Keratitis-Ichthyosis-Deafness (KID) syndrome
KID syndrome, first described in 1915, is a rare genetic multi-system disorder. Only about a hundred cases have been published. Based on a review of many articles in the medical literature, it appears that all cases of KID syndrome have skin findings, which include red and rough, thickened plaques that are sometimes scaling, as well as sensorineural deafness or severe hearing impairment. In addition, 95% of patients developed eye findings, predominantly keratitis (inflammation of the cornea), which may manifest with photophobia (the eyes are very sensitive to light). A few percent of patients had only recurrent or chronic conjunctivitis (inflammation of the mucous membrane of the eye). Sparse hair or alopecia (baldness) is also quite common. The skin of the palms and soles is affected in about 95% of all patients, while 77% have absent or dystrophic (abnormal) nails. There is a whole spectrum of other associated abnormalities, including recurrent infections, abnormal teeth, reduced sweating, growth or mental delay, which may occur in some but not many patients. The clinical presentation may vary greatly between patients and may change over time. Due to the involvement of several organ systems and the potential impairment of hearing, speech, and sight, patients usually require multidisciplinary treatment.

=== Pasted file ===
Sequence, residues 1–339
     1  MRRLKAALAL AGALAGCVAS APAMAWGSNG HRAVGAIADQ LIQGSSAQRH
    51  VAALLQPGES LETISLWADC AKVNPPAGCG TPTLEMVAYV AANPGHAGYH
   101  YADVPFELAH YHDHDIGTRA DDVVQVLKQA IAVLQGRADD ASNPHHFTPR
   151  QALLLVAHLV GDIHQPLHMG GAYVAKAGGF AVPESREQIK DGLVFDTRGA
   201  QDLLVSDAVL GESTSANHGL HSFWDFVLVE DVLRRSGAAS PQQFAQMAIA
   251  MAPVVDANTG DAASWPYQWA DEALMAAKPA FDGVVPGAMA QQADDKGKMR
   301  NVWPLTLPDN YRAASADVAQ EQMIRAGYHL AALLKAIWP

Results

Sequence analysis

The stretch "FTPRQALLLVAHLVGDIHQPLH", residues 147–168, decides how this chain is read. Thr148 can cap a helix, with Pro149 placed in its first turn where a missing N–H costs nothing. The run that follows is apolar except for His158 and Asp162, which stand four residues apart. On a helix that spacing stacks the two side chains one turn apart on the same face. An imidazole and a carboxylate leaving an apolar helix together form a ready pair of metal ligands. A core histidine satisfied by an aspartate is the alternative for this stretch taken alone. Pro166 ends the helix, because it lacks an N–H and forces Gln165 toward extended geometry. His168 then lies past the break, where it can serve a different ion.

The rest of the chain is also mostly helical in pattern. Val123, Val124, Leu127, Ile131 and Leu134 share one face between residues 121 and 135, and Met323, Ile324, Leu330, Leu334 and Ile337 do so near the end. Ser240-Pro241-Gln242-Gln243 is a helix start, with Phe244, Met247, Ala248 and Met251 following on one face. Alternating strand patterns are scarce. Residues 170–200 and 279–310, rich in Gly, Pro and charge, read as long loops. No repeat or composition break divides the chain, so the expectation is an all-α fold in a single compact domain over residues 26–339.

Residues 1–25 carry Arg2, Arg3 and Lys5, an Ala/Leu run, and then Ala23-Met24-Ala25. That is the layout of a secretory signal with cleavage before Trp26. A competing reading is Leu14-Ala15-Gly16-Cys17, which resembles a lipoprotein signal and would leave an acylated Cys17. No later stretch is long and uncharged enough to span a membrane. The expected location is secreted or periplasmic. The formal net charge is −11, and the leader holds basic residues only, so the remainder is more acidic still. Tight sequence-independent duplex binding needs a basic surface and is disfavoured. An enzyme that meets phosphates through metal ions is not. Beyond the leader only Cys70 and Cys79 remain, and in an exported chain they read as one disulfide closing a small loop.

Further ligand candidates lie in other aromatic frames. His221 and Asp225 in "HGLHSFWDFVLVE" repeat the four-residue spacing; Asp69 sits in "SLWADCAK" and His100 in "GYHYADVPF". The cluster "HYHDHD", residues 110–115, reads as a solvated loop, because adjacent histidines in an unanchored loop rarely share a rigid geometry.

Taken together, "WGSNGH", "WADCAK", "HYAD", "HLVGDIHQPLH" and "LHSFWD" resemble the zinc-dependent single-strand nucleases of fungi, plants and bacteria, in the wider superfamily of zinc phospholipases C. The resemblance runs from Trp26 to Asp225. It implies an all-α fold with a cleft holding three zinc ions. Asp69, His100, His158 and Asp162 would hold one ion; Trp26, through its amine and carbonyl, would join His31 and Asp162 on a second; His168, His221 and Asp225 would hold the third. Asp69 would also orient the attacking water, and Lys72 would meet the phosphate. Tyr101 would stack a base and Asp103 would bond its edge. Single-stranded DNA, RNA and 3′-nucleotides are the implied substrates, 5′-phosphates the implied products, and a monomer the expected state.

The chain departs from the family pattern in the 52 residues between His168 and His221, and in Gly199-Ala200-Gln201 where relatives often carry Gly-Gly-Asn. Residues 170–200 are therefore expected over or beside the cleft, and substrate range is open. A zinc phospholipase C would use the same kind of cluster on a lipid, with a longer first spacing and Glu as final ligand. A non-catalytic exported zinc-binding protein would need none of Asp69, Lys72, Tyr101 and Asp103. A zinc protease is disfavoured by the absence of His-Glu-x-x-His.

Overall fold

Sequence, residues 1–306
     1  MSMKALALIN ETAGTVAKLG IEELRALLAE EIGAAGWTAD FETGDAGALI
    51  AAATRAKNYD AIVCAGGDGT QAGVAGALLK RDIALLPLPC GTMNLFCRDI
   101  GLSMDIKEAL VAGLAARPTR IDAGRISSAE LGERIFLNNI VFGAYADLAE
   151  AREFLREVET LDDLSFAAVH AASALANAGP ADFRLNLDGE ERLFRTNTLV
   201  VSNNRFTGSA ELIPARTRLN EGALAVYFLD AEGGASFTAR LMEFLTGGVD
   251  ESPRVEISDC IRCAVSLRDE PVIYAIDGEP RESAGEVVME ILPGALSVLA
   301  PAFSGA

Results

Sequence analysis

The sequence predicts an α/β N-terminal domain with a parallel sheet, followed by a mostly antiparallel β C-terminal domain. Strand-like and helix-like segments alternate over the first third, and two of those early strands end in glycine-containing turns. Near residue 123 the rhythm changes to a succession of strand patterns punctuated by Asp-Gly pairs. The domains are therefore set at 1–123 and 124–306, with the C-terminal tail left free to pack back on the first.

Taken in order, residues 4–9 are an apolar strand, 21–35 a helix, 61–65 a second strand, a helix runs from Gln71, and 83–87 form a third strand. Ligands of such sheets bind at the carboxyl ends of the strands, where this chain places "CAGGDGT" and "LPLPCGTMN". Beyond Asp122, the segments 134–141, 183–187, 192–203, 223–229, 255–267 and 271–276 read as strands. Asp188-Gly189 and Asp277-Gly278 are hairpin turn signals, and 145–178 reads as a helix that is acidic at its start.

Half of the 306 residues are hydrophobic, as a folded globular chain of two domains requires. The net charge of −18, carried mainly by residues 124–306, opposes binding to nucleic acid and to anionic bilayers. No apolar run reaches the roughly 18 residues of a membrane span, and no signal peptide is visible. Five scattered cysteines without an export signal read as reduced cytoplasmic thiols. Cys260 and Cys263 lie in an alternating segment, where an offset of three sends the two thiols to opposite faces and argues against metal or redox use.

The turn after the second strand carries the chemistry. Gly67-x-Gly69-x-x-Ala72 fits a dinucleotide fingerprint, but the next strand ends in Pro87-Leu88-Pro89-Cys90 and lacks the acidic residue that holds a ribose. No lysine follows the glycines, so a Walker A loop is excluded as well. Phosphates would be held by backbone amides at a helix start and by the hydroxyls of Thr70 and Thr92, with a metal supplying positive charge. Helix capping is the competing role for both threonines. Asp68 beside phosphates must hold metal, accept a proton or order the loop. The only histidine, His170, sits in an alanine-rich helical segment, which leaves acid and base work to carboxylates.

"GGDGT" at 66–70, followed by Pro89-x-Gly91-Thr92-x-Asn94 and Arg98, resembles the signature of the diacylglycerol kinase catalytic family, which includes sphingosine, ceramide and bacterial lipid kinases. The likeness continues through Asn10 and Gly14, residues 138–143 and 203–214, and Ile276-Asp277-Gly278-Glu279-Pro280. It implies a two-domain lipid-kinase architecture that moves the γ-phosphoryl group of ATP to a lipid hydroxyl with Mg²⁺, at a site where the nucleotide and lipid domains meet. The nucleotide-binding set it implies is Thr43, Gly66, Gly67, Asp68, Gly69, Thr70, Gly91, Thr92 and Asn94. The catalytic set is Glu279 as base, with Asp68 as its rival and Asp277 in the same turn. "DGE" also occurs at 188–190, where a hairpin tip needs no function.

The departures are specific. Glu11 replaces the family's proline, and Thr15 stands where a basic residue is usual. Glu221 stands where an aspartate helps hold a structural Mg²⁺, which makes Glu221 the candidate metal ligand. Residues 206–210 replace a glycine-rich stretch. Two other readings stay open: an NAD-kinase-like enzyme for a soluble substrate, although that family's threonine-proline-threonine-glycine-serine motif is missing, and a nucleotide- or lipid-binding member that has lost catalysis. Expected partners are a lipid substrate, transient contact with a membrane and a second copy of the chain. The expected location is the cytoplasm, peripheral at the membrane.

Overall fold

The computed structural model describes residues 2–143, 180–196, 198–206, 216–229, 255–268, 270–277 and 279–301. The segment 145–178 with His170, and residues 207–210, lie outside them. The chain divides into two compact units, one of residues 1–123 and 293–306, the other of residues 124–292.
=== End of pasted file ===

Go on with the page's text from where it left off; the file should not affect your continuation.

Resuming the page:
KID syndrome is a genetic disorder and can be transmitted from a parent to a child in an autosomal dominant fashion. That means that each individual affected with the disease would have one abnormal and one normal copy of the disease gene. When, by chance, the abnormal gene copy is passed on to the offspring, the child will be affected. When the normal gene copy is transmitted, the child will be unaffected. The risk for an individual with KID syndrome to have an affected child is 50% for each pregnancy. Nevertheless, nine out of ten patients carry a new, spontaneously occurring mutation that is not present in either parent.
This information is provided as a service to patients and parents of patients who have ichthyosis. It is not intended to supplement appropriate medical care, but instead to complement that care with guidance in practical issues facing patients and parents. Neither FIRST, its Board of Directors, Medical & Scientific Advisory Board, Board of Medical Editors nor Foundation staff and officials endorse any treatments or products reported here. All issues pertaining to the care of patients with ichthyosis should be discussed with a dermatologist experienced in the treatment of their skin disorder.
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